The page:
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Some of the Science Behind the “Threenager” Brain

In America, there’s a phrase called “the terrible two’s.” This phrase refers to the horrendous onslaught of tears and chaos that accompany the average two-year-old psyche.

However, as a parent of two little girls, I can assure you that the “threenager” phase is EXPONENTIALLY more tear-filled and chaotic than any age shy of the teenage years.

Much like their older, pubescent counterparts, threenagers have a difficult time managing their overwhelming emotions because of changes that are happening in their bodies. They may not be developing pimples or mustaches, but they’re developing new capabilities, which change their perspective about the world.

Physically, their brains are going through changes, as well.

As an infant, your child was used to functioning primarily out of the part of their brain that controlled automatic responses, like reflexes, breathing, hunger, and sleep. Once your child moved into toddlerhood, they began to tap into the part of their brain that controls emotion. They started to feel bigger, more complicated emotions than just hunger and sleepiness.

As a three-year-old, those emotions are accompanied by a broader vocabulary and the ability to communicate their feelings (though not always effectively). The problem, however, is that a three-year-old brain hasn’t yet developed the ability to control executive functions. These are processes like organizing, rationalizing, and problem-solving.

So they’ve developed the ability to be VERY sad or mad or lonely or hurt or greedy, but they haven’t yet developed the ability to rationalize why they might be feeling those emotions or to problem-solve what they could do about those emotions.

They’re able to tap into the executive control panel of their brain, but only small bits and pieces of it. They won’t have that eye-opening experience for the first time until they’re in kindergarten or first grade. Then they’ll have to wait another five (or so) years until they get another big increase in abilities.

The big difference between teenagers and “threenagers,” however, is that teenagers are often aware of their own instability, they just don’t know what to do about it.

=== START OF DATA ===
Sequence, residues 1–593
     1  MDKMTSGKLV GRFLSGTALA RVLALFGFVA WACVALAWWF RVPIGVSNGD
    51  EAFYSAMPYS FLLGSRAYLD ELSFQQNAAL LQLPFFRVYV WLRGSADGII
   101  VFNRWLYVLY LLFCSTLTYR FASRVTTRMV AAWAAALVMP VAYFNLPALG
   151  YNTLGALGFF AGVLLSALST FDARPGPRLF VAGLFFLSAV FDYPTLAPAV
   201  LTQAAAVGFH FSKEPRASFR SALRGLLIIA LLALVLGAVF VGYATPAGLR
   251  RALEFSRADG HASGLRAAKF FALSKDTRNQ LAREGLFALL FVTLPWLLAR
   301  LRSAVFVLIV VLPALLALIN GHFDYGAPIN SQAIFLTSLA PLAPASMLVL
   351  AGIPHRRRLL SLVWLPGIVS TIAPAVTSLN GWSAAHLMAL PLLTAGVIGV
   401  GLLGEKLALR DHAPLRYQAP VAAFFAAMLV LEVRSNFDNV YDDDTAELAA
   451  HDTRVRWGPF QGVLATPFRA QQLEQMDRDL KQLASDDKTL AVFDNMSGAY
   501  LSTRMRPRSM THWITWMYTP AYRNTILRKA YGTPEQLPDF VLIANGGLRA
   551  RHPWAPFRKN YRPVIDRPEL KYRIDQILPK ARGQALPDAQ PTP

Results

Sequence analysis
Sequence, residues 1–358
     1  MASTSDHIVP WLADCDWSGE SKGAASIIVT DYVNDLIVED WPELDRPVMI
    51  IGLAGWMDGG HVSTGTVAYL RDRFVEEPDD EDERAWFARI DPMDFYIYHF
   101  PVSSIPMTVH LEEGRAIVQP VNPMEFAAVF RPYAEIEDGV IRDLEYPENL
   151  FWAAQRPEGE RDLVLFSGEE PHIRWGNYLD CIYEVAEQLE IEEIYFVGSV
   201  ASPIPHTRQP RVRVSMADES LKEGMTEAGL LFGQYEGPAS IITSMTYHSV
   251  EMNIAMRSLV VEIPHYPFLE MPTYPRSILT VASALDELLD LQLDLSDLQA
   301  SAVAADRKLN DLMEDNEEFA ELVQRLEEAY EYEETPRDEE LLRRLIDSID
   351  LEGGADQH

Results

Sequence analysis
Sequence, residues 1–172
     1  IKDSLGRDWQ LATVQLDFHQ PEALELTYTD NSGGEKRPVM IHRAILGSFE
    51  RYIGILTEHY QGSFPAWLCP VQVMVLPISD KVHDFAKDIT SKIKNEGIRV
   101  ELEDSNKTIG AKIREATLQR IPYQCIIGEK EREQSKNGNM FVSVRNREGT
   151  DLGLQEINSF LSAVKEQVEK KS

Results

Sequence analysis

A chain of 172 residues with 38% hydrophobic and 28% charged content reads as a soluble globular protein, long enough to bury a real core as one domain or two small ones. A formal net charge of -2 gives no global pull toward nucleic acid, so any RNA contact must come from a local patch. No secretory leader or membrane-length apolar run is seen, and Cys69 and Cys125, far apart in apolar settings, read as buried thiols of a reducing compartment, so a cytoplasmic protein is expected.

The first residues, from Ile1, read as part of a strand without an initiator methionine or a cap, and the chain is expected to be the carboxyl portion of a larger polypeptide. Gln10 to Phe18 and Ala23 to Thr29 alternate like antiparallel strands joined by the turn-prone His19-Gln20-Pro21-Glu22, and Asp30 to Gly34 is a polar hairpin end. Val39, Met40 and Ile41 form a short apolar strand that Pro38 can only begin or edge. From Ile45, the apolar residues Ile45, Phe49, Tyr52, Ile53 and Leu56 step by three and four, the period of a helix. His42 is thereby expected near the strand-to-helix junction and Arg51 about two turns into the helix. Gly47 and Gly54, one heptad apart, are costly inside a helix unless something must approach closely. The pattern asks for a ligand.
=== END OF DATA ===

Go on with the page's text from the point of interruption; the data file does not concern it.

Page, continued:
Threenagers are completely oblivious to their irrationalism, obviously due to lack of wisdom, maturity, and executive functioning control.

So the next time your three-year-old goes through a complete meltdown in the middle of a grocery store because he didn’t get to put the groceries up on the belt “all by himself,” remember that it isn’t really his fault. He can’t control those big waves of emotions, and he really doesn’t understand why you won’t let him do it alone.

Or the next time your little girl gets mad and throws herself on her bedroom floor (literally) because you won’t let her sleep with a handful of dead rollie pollies (actual scenario from our bedtime routine last night), don’t get upset with her. She feels big getting to take care of the little creatures and is completely oblivious to the fact that they’re dead and probably covered in diseases now.

Her brain is telling her that these things are important.

And above all else, DON’T LAUGH AT THEIR EMOTIONAL ROLLER COASTERS! At least not where they can see you.

Giggle with your friends about it and tell them when they’re older, but right now, it’s so important that you validate their thoughts, ideas, and feelings. That’s how their executive control develops further… by you encouraging them and helping them to learn new perspectives!

What’s the funniest moment you’ve gone through during the “threenager” years? This is the perfect place to share it.

But please leave out names and specifics. 🙂

Some of the Science Behind the “Threenager” Brain

W. R. Cummings


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APA Reference
Cummings, W. (2018). Some of the Science Behind the “Threenager” Brain. Psych Central. Retrieved on October 15, 2018, from https://blogs.psychcentral.com/childhood-behavioral/2018/05/some-of-the-science-behind-the-threenager-brain/

 

Last updated: 29 May 2018
Last reviewed: By John M. Grohol, Psy.D. on 29 May 2018
Published on PsychCentral.com. All rights reserved.